they could be...  it never occurs to me to question wheter Neil is 'showing'
or 'telling'....  All *I* care about is that he writes about interesting
topics, and many of his lines are simply brilliant.

PS.  Randall, I do believe you'd like Marillion a lot (blatant plub).. I
     recommend checking out the album Clutching_At_Straws.

-Shane

----------------------------------------------------------

Date: Mon, 18 Mar 91 17:29:30 -0600
From: Matt Jun <jun@ux1.cso.uiuc.edu>
Subject: Syrinx-bird throat or Pan's pipes?

Attention all readers of TNMS:
  I don't know if this has been dicussed before(I've only been reading this
for about two months), but the recent talk of 2112 led me to due a little
research.

[ The "From" bug arose here - apparently indenting doesn't cut it.  Try
  a ">" before "From", or something like that next time...       :rush-mgr ]

  From the Short Dictionary of Mythology:
Syrinx-name of nymph who, to escape from the importunities of Pan, was changed
by Dianainto reeds, out of which he made his famous pipes, naming them, "the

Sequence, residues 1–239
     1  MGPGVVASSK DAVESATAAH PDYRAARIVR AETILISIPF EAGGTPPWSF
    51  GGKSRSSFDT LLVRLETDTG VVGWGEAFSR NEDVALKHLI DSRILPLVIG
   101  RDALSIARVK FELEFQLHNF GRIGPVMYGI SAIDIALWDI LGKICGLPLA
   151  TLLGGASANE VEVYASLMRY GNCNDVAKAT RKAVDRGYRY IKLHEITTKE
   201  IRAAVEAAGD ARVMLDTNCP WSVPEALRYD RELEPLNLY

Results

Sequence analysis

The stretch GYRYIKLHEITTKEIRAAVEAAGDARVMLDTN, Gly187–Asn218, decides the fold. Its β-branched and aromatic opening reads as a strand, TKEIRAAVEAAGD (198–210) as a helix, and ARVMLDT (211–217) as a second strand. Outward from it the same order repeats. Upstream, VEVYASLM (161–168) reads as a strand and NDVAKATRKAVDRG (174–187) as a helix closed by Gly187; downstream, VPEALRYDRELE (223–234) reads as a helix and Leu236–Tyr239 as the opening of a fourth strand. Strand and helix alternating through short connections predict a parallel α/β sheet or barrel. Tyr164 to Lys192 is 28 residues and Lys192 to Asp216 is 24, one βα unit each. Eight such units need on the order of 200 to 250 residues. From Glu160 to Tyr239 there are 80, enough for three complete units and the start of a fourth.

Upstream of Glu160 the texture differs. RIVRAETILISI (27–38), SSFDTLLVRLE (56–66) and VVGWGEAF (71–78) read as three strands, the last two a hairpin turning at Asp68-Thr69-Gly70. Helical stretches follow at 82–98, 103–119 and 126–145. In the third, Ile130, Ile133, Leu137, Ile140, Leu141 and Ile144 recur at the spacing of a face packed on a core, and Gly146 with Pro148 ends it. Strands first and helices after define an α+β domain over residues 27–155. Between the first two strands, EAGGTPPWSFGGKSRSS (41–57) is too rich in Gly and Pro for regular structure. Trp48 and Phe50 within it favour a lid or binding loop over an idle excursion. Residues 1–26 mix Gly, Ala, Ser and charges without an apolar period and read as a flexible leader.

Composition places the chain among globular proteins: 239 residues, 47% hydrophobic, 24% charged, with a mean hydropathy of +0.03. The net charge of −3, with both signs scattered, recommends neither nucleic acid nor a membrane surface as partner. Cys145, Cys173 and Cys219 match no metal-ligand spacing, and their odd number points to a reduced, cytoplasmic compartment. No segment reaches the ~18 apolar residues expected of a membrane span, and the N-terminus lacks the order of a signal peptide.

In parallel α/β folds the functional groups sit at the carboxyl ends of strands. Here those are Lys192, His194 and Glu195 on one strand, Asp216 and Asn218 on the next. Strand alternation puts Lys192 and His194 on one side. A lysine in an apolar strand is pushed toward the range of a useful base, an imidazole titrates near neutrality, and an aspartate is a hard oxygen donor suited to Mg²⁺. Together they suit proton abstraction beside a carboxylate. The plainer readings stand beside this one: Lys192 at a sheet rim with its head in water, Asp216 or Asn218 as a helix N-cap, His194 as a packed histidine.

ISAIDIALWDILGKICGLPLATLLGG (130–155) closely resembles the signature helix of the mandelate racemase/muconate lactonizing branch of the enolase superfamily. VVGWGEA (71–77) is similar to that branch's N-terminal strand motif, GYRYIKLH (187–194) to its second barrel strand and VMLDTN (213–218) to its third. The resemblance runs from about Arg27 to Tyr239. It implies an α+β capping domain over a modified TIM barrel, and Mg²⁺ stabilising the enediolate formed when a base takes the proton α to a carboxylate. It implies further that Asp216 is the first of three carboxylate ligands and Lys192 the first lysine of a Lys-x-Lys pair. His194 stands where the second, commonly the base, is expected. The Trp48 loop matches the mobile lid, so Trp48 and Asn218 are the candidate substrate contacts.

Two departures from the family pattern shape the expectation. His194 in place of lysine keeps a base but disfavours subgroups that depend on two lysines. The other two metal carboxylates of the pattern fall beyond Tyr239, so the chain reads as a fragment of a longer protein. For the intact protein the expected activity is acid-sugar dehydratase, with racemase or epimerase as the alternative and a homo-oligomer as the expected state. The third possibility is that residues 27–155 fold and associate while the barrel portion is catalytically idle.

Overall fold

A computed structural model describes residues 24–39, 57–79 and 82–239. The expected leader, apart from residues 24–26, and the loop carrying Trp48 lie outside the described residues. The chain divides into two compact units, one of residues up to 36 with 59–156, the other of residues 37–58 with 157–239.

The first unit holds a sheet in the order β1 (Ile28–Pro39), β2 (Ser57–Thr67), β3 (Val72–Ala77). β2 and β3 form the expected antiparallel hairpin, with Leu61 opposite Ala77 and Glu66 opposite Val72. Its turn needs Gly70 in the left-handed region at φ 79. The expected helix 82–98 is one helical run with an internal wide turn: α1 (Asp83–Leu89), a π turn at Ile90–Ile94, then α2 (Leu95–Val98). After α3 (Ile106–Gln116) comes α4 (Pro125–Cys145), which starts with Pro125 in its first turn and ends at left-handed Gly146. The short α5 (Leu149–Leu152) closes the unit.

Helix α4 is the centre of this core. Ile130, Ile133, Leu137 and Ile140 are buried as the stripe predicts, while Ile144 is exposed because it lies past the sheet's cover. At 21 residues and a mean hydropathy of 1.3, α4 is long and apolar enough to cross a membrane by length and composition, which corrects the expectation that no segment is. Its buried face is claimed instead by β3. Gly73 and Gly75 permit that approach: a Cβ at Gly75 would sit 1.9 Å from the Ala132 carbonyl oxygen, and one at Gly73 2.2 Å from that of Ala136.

Syrinx."

  Also, from Webster's:
syrinx-the vocal organ of songbirds, located at the base of the trachea, also
a musical instrument made of graduated lenghts of reeds bound together.

(Both reprinted w/o permission)

So what do you think?  Is there some meaning to the use of Syrinx or is it
just another case of Neil just using a word because he likes the sound of it?

*****************************************************************************
* "And The Meek Shall Inherit The Earth..." Yeah, OK, So what do I get ?    *
* "She's Big, She's Bad-Who Can Find The Beast?"-Aphrodite's Child          *
* "It's One O'Clock, and time for lunch."-Genesis                           *
* "Nobody, But Nobody, Eats The Simpsons"-H. Simpson                        *
*                                                                           *
* Matt Jun       jun@ux1.cso.uiuc.edu     (217)-384-8988                    *
*****************************************************************************

----------------------------------------------------------

Date: Mon, 18 Mar 91 19:04:44 EST
From: Kenneth Suzan <kdsu_ltd@uhura.cc.rochester.edu>
Subject: DDD vs AAD vs ADD & RUSH

I was just wondering what people thought about this. A friend of mine